Ronan O’Gara: It was like standing on the tee at Whistling Straits. There’s some buzz off it

Ronan O’Gara: It was like standing on the tee at Whistling Straits. There’s some buzz off it

So Andy Farrell opted to play safe last weekend with his selection against Scotland?

Really?

The easier thing to do to buy some space and time would have been to start Deegan, Doris, Kelleher et al.

Make a building-for-2023 statement. Sort of like France are doing. Dupont and N’tamack, 23 and 20. Bouthier at full-back.

The new lads gave Galthie and France the smell of fresh bread on Sunday in the Stade de France. The players fed off it.

Andy Farrell might have done the same in Dublin. Maybe he is biding his time. The players seem to be indicating already there’s a more relaxed feel to Camp Ireland, whatever that means. I’m intrigued.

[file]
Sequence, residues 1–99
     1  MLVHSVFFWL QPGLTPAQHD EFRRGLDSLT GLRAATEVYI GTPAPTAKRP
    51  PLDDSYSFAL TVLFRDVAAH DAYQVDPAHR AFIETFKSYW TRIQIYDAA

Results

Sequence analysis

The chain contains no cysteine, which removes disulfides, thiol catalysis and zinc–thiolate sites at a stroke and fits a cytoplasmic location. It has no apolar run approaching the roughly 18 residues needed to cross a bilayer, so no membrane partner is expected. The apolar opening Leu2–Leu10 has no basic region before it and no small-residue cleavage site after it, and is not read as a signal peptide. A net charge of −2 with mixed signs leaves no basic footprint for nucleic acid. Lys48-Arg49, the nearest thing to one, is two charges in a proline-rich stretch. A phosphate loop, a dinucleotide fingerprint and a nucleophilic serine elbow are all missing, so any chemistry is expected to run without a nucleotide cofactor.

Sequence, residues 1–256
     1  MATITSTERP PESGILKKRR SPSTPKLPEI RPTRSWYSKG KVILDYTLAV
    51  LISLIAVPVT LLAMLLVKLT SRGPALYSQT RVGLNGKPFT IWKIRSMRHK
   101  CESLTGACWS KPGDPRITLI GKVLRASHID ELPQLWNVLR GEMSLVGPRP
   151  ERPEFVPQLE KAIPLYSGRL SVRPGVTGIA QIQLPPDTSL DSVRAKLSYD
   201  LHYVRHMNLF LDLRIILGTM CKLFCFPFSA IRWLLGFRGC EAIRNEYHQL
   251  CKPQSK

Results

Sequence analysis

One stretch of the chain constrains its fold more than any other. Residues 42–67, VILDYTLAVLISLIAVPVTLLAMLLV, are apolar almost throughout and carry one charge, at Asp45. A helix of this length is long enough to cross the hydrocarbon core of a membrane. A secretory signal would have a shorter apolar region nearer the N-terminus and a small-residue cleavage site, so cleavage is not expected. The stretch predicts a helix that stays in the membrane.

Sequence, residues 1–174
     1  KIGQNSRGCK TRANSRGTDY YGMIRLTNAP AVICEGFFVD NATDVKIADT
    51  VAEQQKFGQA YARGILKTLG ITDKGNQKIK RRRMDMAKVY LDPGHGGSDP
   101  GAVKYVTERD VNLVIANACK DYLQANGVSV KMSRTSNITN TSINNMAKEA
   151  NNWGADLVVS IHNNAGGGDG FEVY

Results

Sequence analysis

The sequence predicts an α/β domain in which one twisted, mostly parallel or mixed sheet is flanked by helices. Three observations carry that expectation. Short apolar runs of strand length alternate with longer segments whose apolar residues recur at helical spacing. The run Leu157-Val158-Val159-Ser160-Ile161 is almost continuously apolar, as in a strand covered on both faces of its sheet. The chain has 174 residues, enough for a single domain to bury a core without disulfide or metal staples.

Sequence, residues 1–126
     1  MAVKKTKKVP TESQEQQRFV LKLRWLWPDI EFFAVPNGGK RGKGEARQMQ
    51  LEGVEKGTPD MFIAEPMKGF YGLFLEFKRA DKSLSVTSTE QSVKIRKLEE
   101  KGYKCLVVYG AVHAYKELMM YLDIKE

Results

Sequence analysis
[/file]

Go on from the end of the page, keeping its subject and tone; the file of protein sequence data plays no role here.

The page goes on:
France full-back Anthony Bouthier is a rare example in modern day rugby of a bolter. A season ago he was playing Pro D2 with Vannes. He played Federale 1 (third tier) before that. Eventually Montpellier took a punt on him even though they’d signed Handre Pollard, South Africa’s World Cup-winning ten.

On Sunday Anthony Bouthier started at full-back and became an overnight social media sensation with a clearing kick for France from virtually under his own posts. It looked like it was spiralling towards a different Parisien arrondissement before trickling into touch five metres from the English line.

The French were 17-0 ahead at the time, and England looked poised to strike.

It was a monster momentum swing. Bouthier caught it as sweet as a plum. The loveliest sensation when you know you’ve flushed a kick. Kicking from hand and off the tee are distant cousins, spuds in the one field.